Unemployment is one of the reasons why so many released criminals return to prison. This is what makes a criminal’s re-entry into society a difficult battle that seems invincible.
If employers really intend to level the playing field, eliminating any form of discrimination in the employment process would be the first step.
Headquartered in New York, Pepsi (PepsiCo) is a multinational manufacturer and distributor of cereal snacks and beverages. Its main products are Pepsi-Cola, Mountain Dew, Lay and Cheetos.
Pepsi-Cola was founded in 1890 by Caleb Bradham, a pharmacist, until it merged with Fritto-lay in 1965 to become PepsiCo.
PepsiCo acquired other well-known brands such as Quaker Oats. It is now the second largest company in the food and beverage industry, employing approximately 274,000 employees worldwide.
Their employees enjoy decent pay and benefits, including health, insurance, welfare and retirement programs. Additional rewards such as discounts, gifts and service awards are also provided.
From a former employee’s point of view, Pepsi has a lot of pay and benefits, but with the volume of work, the balance of life and work can hardly be achieved.
Does Pepsi Hire Felons
Pepsi is listed as one of the companies that signed the Fair Chance Pledge, an executive program where organizations and communities pledge to give applicants with criminal records a second chance.
These companies promised help by imposing a “box ban”. This means that, at the very least, the applicant’s criminal history will not be questioned unless he or she goes further in the process.
Furthermore, in 2011, Pepsi was prosecuted for racial discrimination using a criminal background check policy to reject a specific group of applicants. Now, the company has learned its lesson – the previous policy was scrapped.
The rule is that in implementing such a policy, the company must consider the nature of the offense and its relevance to the nature of the employment. This means that the company may still choose to perform a criminal background check on all of its potential/current employees, but is not allowed to discriminate based on specific factors in an employees’ details. A thorough analysis of whether or not a repeat offense is possible, along with the probability of it occurring during employment becomes necessary so that the job candidate can be properly excluded based on his or her criminal record. This is standard practice across all companies these days. However, if you feel like you’ve been discriminated against during employment, you might have the right to sue for damages. If you’ve been wrongfully terminated due to some minor criminal offense in your past, then you might have a case for wrongful termination as well. Law firms like Eldessouky Law (https://eldessoukylaw.com/employment-law/) and other similar ones specialize in employment-related lawsuits, and they could very well be able to help you out if you’ve got a case. One mistake shouldn’t haunt a person their whole life.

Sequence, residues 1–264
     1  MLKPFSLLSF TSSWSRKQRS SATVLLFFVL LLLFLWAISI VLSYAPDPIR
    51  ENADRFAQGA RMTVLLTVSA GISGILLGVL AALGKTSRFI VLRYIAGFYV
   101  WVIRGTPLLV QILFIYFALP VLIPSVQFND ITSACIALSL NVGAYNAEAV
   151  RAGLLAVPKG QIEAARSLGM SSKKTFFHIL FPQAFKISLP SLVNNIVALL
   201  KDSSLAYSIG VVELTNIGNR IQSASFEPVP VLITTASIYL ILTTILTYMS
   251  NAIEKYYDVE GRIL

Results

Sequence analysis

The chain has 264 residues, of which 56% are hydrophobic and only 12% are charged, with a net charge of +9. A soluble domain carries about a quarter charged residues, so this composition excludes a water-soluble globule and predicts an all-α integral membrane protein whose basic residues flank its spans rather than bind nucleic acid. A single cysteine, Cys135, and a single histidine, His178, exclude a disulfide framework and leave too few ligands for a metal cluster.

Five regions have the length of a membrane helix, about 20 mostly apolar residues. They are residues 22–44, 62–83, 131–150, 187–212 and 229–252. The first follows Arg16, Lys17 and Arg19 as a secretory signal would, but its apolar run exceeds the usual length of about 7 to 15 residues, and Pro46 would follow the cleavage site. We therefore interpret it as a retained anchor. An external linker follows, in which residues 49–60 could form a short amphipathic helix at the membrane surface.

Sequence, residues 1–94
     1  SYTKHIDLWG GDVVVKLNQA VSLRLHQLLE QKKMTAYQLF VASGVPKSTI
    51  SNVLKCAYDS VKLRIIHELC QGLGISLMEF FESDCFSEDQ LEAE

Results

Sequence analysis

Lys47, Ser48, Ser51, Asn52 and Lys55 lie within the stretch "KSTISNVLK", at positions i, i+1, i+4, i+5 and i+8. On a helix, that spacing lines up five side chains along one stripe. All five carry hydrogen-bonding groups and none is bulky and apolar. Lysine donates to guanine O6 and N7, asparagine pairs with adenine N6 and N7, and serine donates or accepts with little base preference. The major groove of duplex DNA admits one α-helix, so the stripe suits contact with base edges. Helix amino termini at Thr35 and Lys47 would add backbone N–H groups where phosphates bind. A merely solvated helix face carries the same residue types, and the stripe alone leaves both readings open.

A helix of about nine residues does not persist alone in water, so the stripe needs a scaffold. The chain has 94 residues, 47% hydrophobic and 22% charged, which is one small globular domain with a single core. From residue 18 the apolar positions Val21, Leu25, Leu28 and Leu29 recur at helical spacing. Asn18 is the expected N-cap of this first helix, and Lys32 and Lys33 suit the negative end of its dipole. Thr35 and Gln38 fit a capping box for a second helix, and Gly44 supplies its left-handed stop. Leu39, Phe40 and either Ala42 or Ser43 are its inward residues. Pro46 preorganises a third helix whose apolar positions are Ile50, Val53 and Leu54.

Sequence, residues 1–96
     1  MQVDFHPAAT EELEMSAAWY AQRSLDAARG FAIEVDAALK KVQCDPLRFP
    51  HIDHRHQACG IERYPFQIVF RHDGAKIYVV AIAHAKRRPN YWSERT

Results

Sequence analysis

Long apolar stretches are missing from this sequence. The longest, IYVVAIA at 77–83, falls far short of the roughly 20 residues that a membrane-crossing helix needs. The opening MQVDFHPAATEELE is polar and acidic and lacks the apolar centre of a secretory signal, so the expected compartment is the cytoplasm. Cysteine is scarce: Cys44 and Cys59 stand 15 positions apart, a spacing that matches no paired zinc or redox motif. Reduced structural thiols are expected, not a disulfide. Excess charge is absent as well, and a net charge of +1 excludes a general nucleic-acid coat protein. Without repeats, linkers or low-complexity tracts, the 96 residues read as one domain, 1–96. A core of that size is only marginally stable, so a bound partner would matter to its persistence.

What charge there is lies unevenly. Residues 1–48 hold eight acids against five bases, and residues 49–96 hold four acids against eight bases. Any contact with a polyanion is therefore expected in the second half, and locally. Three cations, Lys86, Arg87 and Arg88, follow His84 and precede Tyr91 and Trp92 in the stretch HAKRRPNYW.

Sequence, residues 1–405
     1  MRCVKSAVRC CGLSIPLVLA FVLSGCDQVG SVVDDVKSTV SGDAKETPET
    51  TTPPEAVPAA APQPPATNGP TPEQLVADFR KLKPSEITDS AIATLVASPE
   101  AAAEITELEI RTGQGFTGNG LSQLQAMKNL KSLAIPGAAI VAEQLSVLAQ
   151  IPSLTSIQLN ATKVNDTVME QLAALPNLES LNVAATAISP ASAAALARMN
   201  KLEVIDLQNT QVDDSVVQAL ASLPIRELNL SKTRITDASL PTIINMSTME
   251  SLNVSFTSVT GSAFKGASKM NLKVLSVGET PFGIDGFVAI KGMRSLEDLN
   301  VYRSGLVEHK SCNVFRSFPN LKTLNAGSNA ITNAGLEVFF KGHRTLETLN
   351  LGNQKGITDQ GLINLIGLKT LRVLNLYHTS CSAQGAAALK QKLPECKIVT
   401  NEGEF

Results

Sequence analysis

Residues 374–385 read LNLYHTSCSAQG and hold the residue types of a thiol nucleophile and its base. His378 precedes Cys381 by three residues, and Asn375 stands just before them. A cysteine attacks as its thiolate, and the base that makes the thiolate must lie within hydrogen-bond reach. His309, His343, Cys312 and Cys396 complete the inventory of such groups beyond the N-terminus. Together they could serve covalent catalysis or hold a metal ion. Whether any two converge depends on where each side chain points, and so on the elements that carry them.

Application Process At Pepsi
Through Twitter and LinkedIn, recruiters of PepsiCo always provide updates on the company’s latest job events and opportunities. You may also look for available jobs through the company website and apply online. The standard hiring process is to:
- Create a profile and submit your resume
- Complete the assessment
- Review of credentials may take up to a month
- May call you for initial interview by telephone, Web cam or traditional in-person depending on the role, location and timeliness of the availability of position
- Panel interview (Second interview usually occurs in campus or job events hiring)
- Job offer
Tips To Apply At Pepsi
In the first part of your list of experiences, mention your experiences and recent achievements so that they can be read first. Emphasize your strengths, your skills, and their relevance to the job you are applying for.
Do a little research on PepsiCo Corporation and its brand distribution. As a consumer goods company, the employer expects you to know at least some of the products it sells.
If you are asked about your criminal history, answer calmly. Never try to hide or deny the truth of your past convictions because dishonesty, if you were hired and found out, is a valid ground for dismissal.